Published Editorial

Tax Talk: Be aware of social security tax pacts if looking to work abroad

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Financial Express


Alfred Rodrigues
Senior tax professional
Ernst & Young

The global business model requires movement of talent across geographies. With an increasing competitive landscape, the focus on the cost of cross-border employee movement is immense. One of the major cost components is the social security cost in the host country. Fortunately, recent developments in the social security arena have become a blessing for these assignments. Unless there is a social security agreement in force between two countries, an employee of one country working in the other country is required to contribute to the social security of the other (host) country.

Hence, the first thing to check before the start of an assignment is whether the home country has entered into a Social Security Agreement (SSA) with the host country. At present, India has entered into SSA with 17 countries, out of which eight — Belgium, France, Denmark, Korea, Switzerland, Netherlands, Luxembourg and Germany — are in force. A careful reading of the relevant SSA needs to be done as they are worded differently.

To avail exemption from contributing to the host country social security, an employee is required to obtain a Certificate of Coverage (CoC) from the home country. This enables the employee to continue contributing only to the home country social security, thereby reducing the overall cost of assignment. Technically, it is called ‘benefit of detachment’ available under SSA.

In some European countries, the social security cost is a considerable portion of the assignment cost and, hence, obtaining a CoC has a significant financial impact. Although, obtaining a CoC allows exemption from contributing to a large chunk of the social security taxes, there may be a few social taxes that would still have to be paid in the host country. As per Indian social security laws, an Indian employee going to work in a country with which India has entered into a SSA and is eligible to avail social security benefits of that country qualifies as an international worker (IW). Also, a foreign national, holding other than an Indian passport, working in an establishment covered under the Provident Fund (PF) Act would be an IW.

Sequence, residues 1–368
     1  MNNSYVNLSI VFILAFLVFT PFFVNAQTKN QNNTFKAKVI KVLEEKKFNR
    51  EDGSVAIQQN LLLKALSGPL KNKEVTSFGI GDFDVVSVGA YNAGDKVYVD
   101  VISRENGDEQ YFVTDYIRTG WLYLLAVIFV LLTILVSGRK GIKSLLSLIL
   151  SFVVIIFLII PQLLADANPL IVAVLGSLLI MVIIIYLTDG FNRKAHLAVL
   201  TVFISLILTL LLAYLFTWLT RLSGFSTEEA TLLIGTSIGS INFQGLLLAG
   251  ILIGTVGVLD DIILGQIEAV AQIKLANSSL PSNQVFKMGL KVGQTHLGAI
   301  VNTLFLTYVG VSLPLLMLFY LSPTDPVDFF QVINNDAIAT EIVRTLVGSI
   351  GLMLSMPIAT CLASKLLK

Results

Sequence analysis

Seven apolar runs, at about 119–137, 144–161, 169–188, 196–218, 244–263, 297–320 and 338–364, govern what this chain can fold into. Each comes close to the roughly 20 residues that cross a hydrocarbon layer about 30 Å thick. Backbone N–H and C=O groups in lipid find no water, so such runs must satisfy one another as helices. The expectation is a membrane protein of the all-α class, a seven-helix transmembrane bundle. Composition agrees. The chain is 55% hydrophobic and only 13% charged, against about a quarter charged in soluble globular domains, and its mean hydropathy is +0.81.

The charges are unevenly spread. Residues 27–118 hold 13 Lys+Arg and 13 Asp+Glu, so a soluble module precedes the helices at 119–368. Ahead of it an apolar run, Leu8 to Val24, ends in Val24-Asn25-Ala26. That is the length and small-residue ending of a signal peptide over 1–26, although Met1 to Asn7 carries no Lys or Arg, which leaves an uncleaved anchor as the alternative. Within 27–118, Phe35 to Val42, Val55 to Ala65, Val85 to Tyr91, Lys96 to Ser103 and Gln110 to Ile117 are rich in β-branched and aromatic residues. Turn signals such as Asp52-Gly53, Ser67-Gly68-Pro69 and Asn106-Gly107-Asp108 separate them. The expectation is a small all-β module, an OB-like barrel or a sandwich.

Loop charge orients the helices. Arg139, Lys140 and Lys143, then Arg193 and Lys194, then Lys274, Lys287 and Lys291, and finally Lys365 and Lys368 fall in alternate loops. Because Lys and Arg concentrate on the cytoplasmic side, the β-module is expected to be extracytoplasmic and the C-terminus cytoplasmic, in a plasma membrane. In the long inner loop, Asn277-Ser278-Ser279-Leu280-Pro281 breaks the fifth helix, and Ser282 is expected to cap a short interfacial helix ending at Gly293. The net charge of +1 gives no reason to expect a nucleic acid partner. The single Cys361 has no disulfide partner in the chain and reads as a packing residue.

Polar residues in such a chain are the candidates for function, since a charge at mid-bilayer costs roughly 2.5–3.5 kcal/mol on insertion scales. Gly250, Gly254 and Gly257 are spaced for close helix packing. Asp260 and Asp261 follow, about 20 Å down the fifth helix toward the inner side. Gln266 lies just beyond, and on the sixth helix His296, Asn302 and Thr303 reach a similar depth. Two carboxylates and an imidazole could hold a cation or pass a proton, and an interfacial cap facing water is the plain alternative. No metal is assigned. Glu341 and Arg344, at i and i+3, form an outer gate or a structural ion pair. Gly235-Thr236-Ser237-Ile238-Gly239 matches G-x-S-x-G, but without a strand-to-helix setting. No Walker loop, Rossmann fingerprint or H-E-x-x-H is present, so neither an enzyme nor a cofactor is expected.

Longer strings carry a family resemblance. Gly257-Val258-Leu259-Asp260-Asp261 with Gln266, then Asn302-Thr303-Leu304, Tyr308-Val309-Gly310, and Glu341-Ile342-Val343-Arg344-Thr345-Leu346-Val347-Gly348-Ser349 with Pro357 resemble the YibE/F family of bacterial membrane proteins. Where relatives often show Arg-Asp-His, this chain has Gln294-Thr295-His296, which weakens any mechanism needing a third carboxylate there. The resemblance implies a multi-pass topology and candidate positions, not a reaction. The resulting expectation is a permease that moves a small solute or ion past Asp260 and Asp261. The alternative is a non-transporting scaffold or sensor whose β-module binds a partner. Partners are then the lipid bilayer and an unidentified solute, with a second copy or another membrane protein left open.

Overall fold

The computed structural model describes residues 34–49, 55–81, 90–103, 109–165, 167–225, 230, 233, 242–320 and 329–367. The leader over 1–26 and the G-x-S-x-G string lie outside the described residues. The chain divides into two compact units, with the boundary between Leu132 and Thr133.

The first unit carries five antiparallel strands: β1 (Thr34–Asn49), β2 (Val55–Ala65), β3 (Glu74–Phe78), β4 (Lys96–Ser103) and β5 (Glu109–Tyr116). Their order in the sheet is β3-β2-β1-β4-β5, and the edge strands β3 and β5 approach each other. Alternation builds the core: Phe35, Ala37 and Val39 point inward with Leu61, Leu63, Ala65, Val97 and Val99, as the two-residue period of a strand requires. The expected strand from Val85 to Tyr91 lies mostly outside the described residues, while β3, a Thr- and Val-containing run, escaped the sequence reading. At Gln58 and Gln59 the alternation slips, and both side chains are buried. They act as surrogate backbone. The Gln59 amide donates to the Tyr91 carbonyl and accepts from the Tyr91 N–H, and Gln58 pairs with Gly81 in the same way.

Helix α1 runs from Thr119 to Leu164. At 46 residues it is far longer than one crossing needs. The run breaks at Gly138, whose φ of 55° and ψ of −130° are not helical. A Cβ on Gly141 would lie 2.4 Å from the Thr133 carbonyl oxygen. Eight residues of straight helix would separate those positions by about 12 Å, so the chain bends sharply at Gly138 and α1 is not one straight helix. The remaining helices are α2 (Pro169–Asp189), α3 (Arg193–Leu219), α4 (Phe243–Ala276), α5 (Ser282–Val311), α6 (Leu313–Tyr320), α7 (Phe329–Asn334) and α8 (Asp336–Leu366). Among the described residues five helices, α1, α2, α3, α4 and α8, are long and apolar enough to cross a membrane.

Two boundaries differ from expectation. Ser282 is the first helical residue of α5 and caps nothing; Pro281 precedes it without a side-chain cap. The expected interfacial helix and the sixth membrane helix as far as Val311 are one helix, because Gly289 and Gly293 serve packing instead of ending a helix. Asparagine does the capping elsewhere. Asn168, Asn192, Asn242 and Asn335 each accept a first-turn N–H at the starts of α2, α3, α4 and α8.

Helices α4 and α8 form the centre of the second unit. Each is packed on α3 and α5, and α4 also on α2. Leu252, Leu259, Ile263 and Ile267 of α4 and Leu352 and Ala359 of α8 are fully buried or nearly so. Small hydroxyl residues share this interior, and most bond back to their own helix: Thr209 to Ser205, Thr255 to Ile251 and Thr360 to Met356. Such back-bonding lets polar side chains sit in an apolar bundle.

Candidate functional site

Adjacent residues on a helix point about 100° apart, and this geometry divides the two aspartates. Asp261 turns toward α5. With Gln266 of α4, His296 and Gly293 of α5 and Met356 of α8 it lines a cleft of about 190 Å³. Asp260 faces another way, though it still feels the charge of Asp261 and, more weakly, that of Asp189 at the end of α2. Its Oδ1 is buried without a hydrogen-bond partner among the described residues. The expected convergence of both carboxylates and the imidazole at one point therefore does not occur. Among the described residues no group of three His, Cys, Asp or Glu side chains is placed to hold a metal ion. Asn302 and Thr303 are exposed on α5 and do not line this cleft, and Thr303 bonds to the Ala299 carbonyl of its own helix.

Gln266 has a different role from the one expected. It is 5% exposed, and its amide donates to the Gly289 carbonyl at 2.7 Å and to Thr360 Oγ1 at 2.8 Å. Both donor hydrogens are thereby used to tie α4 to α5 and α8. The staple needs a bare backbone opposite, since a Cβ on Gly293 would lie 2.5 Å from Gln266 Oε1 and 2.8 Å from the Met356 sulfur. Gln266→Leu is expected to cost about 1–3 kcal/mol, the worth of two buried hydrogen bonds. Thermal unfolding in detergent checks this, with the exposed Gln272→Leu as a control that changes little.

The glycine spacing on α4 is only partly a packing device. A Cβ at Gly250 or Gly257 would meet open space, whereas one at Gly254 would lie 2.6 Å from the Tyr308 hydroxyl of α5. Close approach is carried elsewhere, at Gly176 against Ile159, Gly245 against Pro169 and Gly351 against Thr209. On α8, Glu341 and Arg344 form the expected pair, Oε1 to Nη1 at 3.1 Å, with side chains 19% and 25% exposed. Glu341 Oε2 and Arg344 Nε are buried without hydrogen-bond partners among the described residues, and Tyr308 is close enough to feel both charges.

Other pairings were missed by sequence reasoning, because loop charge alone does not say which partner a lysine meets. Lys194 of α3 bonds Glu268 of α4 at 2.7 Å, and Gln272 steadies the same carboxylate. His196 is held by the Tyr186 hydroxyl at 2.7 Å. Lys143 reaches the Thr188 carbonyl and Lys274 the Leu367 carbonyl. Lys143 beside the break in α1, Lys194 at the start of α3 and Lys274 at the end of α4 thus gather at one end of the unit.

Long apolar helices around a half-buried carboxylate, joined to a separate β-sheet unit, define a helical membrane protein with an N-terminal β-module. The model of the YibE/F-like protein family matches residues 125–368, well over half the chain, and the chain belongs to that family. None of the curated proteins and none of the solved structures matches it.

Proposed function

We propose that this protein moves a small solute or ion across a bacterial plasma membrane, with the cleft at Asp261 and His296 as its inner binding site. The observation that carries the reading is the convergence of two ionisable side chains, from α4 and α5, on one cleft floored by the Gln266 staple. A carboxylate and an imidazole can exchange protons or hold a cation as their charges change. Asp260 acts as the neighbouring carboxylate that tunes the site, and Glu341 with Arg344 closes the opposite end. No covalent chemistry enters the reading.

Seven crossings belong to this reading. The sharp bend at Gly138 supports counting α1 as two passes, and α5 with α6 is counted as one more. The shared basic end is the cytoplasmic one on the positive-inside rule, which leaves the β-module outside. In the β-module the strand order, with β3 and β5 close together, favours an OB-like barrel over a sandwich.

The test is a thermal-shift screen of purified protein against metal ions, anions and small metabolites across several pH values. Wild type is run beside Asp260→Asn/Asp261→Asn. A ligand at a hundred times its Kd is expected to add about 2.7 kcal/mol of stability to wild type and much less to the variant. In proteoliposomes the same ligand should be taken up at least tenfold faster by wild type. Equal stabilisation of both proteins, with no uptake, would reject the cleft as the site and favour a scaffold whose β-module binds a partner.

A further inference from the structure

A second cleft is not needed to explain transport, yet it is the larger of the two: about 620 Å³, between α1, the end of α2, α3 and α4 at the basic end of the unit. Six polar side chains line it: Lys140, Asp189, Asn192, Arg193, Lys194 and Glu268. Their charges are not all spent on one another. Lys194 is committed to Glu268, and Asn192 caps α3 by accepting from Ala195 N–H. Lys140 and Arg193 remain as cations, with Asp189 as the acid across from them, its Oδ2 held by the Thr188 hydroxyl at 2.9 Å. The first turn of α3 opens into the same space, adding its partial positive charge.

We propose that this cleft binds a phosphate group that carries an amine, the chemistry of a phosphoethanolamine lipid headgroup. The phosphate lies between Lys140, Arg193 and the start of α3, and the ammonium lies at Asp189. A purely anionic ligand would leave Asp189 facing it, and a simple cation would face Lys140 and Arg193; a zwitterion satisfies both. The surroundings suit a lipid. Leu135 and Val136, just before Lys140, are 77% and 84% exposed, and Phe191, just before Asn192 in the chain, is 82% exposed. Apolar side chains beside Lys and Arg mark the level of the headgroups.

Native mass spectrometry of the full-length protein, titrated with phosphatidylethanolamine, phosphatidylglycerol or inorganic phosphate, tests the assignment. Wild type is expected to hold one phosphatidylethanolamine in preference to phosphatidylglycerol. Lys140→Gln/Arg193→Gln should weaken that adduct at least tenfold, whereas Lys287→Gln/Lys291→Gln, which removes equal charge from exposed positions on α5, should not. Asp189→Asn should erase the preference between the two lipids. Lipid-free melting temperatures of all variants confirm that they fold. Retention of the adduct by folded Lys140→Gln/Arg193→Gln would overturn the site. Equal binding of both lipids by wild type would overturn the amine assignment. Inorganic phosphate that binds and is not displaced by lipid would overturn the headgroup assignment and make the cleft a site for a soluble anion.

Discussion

Once a CoC is obtained, the employee going to a country with which India has entered into a SSA will not qualify as an IW and, hence, not required to comply with the IW-related provisions (eg: pension contribution would be on the total monthly pay and not restricted to R6,500). Social security laws for cross-border employees are evolving and the procedural aspects regarding obtaining CoC and other related compliances will get streamlined with time. As of today, the time span for obtaining the CoC varies between different jurisdictional PF offices.

Given India’s role in the global businesses, SSAs are a step in the right direction. The increasing coverage of India SSAs and the focus on streamlining the procedural aspects will help bring more clarity, certainty and cost efficiency in global movements.

* Views are personal